Research quality data products, can be accessed via Earthdata Search:

Data products can be visualized as a time-averaged map, an animation, seasonal maps, scatter plots, or a time series through an online interactive tool, Giovanni. Follow these steps to plot data in Giovanni: 1) Select a map plot type. 2) Select a date range. Data are in multiple temporal resolutions, so be sure to note the start and end date to ensure you access the desired dataset. 3) Check the box of the variable in the left column that you would like to include and then plot the data. For more information on choosing a type of plot, see the Giovanni User Manual.

  • Aqua MODIS SST data in Giovanni
    Data products from MODIS on the Aqua satellite at 4 km resolution provided at both 8-day and monthly temporal resolutions.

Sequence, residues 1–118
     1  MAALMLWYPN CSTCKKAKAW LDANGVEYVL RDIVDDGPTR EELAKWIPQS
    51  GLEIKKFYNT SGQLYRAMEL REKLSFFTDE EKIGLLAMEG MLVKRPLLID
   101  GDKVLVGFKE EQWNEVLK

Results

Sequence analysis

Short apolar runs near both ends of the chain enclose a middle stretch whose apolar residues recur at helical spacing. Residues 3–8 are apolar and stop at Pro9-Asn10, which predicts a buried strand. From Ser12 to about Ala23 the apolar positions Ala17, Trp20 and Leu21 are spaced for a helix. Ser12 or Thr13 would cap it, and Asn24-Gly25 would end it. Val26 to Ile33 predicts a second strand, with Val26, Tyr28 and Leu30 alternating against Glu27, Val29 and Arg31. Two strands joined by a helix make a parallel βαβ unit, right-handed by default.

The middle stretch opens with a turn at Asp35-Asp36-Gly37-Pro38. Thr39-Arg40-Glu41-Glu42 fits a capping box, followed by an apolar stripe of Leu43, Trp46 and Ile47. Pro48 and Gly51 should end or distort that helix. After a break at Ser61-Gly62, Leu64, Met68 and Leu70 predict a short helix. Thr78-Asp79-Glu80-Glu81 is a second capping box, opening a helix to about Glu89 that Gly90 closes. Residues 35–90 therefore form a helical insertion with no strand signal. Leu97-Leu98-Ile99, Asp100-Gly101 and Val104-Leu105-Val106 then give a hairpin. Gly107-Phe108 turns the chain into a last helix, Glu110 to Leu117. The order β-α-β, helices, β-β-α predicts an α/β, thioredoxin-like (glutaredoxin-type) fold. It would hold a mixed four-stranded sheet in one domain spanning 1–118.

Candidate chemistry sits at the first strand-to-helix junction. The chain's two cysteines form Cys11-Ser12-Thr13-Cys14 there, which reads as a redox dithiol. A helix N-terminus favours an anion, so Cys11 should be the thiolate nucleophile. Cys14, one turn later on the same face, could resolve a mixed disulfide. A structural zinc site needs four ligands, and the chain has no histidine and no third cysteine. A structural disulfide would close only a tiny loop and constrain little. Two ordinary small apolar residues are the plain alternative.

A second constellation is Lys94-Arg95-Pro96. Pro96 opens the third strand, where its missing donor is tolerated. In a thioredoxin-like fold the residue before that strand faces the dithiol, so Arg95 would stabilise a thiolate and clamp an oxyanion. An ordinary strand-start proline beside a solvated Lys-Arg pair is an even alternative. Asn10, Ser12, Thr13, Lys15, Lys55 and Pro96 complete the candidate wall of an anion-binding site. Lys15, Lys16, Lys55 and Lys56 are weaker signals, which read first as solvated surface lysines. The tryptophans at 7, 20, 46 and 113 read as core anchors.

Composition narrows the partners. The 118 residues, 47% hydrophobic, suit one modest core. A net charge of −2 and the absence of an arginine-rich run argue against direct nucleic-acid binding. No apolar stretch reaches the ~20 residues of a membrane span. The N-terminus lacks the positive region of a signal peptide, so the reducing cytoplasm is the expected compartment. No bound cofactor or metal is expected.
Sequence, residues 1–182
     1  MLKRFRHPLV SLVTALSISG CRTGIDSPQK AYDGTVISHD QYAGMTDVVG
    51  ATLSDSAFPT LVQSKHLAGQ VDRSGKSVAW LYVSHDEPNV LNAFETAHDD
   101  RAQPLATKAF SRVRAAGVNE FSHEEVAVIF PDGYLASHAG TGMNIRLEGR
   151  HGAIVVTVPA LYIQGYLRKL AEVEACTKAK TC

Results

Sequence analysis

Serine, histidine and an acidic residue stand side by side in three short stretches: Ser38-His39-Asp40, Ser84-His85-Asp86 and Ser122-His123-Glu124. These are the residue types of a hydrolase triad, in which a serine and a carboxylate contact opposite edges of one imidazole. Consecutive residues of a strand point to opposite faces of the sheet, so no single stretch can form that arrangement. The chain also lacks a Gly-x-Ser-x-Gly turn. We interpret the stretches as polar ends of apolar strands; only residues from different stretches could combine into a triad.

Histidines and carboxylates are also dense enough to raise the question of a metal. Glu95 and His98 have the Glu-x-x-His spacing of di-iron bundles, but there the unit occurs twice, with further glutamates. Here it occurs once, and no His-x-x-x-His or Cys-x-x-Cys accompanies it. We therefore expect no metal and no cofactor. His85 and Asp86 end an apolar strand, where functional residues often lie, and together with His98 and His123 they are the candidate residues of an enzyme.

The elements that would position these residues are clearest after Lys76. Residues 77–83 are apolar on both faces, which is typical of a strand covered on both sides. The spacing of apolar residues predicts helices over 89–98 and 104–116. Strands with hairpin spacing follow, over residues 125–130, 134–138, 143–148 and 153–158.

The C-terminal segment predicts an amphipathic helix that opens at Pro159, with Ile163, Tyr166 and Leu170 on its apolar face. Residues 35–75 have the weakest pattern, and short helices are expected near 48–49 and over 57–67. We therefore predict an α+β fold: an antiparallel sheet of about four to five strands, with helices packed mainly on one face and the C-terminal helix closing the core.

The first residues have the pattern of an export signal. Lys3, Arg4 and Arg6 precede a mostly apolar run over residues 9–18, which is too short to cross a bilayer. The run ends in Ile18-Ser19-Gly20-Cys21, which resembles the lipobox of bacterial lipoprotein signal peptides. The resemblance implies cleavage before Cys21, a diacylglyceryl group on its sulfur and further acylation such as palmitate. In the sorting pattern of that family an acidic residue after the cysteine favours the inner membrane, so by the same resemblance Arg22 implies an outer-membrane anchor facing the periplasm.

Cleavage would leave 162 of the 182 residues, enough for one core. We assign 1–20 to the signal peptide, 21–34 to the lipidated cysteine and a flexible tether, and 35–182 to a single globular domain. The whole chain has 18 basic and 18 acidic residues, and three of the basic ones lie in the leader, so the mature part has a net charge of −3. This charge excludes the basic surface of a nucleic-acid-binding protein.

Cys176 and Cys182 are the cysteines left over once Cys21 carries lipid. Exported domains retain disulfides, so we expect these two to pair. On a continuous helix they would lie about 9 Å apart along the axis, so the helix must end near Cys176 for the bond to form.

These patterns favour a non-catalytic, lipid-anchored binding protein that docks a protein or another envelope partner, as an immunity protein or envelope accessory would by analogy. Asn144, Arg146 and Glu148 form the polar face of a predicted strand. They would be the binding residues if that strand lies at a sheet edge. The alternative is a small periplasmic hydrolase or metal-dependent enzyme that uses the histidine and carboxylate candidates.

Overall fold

Data can be visualized in Worldview:

The SMAP satellite delivers derived sea surface salinity (SSS) observations for the world’s oceans, in addition to soil moisture. Algorithm development from the Aquarius mission is applied to SMAP to retrieve SSS. The primary SMAP salinity datasets include a Level 2 orbital dataset, in which data granules contain both the ascending and descending arcs of the orbit, and two Level 3 gridded datasets: an 8-day running average (linked to the day repeat cycle of SMAP) and monthly average.

Research quality (higher-level “standard”) data products, can be accessed via Earthdata Search:

Data can be visualized in Worldview:

 

Last Updated
Feb 11, 2021